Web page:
Plan Design - Smaller Policy -- By opting to co-insure part of the cost of care you can significantly reduce your premiums. For instance, lowering your daily benefit by 20% will provide you with a 20% lower premium. Opting for a 4 year policy rather than 6 year can reduce costs 15-30% annually.

Plan Design - Longer Elimination Period -- The elimination period is essentially a deductible for Long Term Care insurance. It is the amount of time that you pay out of pocket (or from an alternative source like Medicare or your health insurance) before the policy starts to pay. Increasing your elimination period from 0 to 90 days can save you 10 to 15% annually.

Annual Premium Payments -- You can save 8% a year just by sending your payment in one lump sum on your anniversary date. Don't worry, this is an anniversary you won't forget as the carrier will kindly send you a premium notice. An insurance agent can help you find a policy that's both affordable and represents the best value for someone of your age and situation.

Partnership-Certified Plans -- A Long-Term Care insurance policy approved by your state for participation in the partnership program. This program allows you to receive benefits from Medicaid for Long Term Care services without spending-down all of your assets if you have previously purchased and depleted the benefits in a partnership-certified policy. This program is not currently available in every state but it is available in Pennsylvania and Delaware. Be sure to seek a LTC insurance policy that is partnership-certified! The premium is the same, the underwriting is the same, and the benefit structure is the same. What makes a partnership-certified policy different is the State’s match (dollar for dollar) of Medicaid spend-down requirements. If the need arises, it allows policyholders to go on Medicaid with a higher level of assets and/or income than would otherwise be allowed.

Case Study:

The following is an example of how a Partnership qualified policy works. Let's say John, a single man, purchases a Partnership policy with a value of $100,000. Some years later, he receives benefits up to the policy's lifetime maximum coverage (adjusted for inflation) equaling $150,000. John eventually requires more long term care services and applies for Medicaid. If John's policy was not a Partnership policy, he would be entitled to keep only $2,000 in assets in order to be eligible for Medicaid. He would have to spend down any assets over and above this amount. However, because John bought a Partnership policy, he can keep $152,000 in assets and the state will not recover those funds after his death. However, any assets John has over and above the $152,000 would have to be spent in order for him to be eligible for Medicaid. He would also have to satisfy the income, general eligibility and functional eligibility requirements for Medicaid before he can qualify.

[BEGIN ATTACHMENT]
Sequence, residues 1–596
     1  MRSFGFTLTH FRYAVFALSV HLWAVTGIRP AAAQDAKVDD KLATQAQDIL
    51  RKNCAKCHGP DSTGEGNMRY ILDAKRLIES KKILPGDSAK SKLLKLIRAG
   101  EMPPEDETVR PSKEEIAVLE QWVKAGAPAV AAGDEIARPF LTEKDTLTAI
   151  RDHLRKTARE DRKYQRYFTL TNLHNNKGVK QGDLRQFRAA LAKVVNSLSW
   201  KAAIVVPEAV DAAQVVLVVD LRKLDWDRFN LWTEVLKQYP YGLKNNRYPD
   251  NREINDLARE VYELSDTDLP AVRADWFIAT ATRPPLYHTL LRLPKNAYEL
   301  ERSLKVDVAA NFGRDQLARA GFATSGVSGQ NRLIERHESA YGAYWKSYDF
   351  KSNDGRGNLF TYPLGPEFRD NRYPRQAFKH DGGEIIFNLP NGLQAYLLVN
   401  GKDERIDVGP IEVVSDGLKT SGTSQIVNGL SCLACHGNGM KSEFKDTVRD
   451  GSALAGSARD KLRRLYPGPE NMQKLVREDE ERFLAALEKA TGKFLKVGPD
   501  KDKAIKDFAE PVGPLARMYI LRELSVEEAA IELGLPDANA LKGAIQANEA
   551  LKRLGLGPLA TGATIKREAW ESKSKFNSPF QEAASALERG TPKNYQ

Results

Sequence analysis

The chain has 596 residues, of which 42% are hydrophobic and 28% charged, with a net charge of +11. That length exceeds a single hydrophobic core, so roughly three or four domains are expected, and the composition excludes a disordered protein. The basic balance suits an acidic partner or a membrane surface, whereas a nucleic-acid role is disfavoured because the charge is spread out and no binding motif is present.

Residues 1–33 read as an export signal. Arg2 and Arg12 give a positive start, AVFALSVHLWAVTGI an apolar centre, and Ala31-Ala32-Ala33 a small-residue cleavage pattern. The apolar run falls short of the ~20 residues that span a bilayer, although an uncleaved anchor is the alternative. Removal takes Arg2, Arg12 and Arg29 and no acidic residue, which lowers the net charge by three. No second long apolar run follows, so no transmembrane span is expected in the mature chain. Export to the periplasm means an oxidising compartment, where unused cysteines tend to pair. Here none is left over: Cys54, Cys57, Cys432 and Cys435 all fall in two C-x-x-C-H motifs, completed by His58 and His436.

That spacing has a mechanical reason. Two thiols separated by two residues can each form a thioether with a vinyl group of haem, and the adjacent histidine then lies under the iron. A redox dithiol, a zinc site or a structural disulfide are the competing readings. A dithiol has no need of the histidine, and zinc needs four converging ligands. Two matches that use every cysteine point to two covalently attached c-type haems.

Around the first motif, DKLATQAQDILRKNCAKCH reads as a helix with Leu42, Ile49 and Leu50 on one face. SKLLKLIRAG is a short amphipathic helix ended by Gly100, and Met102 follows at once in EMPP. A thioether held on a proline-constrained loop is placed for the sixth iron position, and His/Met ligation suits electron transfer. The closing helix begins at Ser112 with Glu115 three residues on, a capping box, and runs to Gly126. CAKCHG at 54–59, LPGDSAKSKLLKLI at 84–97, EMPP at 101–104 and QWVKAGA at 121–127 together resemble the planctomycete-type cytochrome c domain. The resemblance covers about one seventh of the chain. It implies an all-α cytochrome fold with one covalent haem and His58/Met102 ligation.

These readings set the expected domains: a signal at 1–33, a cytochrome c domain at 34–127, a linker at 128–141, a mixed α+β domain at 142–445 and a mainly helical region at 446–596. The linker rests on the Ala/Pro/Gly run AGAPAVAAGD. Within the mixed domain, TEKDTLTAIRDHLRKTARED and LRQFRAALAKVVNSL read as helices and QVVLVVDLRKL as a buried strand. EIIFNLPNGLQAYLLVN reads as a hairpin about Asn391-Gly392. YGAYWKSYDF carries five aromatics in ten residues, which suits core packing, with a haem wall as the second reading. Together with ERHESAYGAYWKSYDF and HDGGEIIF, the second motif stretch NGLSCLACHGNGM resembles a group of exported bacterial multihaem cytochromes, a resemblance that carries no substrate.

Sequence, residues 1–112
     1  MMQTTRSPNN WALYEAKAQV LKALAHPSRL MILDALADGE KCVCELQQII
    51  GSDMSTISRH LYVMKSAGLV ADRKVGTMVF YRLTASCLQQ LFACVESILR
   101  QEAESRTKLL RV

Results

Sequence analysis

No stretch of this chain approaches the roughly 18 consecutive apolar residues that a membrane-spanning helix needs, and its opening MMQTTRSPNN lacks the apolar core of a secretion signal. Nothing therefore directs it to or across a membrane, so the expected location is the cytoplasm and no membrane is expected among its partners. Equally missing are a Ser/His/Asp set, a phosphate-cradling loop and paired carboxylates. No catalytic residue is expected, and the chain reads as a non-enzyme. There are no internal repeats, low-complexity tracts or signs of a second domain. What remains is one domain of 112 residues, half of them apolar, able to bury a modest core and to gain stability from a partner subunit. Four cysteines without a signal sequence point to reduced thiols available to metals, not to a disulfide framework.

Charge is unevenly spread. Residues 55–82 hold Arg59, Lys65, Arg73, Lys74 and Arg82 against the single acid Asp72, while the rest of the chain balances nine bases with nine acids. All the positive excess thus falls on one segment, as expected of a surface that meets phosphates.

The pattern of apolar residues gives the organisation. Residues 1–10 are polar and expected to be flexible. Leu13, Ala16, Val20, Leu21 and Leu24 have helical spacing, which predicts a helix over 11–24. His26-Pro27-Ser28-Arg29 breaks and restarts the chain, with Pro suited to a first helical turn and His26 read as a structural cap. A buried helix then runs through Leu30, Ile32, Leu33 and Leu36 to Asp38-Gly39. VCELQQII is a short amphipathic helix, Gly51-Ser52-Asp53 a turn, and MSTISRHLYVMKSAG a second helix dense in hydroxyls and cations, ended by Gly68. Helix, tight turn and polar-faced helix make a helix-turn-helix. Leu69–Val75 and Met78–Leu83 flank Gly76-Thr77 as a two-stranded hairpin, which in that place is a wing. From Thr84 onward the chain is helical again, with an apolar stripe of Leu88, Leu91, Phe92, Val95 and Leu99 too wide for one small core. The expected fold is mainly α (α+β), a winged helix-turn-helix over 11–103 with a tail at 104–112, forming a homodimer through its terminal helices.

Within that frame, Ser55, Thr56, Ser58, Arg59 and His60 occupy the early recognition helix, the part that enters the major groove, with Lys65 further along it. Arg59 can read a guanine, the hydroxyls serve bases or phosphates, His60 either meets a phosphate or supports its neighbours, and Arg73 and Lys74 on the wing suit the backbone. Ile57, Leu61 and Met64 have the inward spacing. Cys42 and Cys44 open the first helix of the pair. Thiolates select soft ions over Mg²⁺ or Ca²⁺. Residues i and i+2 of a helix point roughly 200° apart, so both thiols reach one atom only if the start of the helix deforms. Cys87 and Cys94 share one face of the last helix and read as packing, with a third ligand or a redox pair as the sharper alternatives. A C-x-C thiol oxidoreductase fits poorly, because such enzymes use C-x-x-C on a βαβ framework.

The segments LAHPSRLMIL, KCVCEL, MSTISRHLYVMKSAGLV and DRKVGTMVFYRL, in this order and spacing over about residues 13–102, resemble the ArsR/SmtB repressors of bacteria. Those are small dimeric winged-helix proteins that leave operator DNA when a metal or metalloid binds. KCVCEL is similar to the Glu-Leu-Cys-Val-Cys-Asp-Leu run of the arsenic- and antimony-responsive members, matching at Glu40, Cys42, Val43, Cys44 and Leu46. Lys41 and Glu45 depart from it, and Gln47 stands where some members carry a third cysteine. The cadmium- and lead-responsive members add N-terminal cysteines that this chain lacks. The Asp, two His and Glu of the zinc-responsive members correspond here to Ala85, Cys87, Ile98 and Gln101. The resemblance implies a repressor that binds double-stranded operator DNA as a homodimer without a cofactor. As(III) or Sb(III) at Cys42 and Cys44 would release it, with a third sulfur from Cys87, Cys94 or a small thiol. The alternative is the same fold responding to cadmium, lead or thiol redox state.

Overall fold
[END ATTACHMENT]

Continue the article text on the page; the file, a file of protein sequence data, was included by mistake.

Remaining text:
Is it hard to qualify for LTCi?

Over 75% of all applicants are being approved for coverage. It is much harder to qualify for a disability, health or life insurance policy medically. Many people who apply for LTCi are taking multiple medications, could possibly have had a history of cancer, heart problems or even diabetes. The key is control. Companies want to see that you are stable and that you don't have conditions that will cause you to become disabled. You will even be eligible for preferred health discounts if you are squeaky clean.

four-health2However, Long Term Care insurance is not right for everybody. Whether or not you should purchase a policy depends on your health, income and assets. If you are retired, with less than $70,000 in assets (not including your home and car) or your only income is your Social Security or SSI benefits, you probably shouldn't be purchasing Long Term Care insurance. There are no hard and fast rules however. $70,000 in Omaha is not the same as $70,000 in Manhattan and everyone's family and health situation is different. Nevertheless, the premiums should be affordable, even if they increased by 25%, without significantly changing your lifestyle. Nobody should have to eat tuna fish every night in order to pay for Long Term Care insurance premiums!

Reverse Mortgages

A reverse mortgage is a loan against the equity in your home that you do not have to pay back as long as you live there.

You can turn home equity into cash that you can use for your home care.

You will not need to move or make monthly payments. The most common type of reverse mortgage is the Home Equity Conversion Mortgage (HECM) which completely protects your ability to remain in your home.

So long as you pay your property taxes and homeowners insurance and maintain your property, you can remain in your home forever.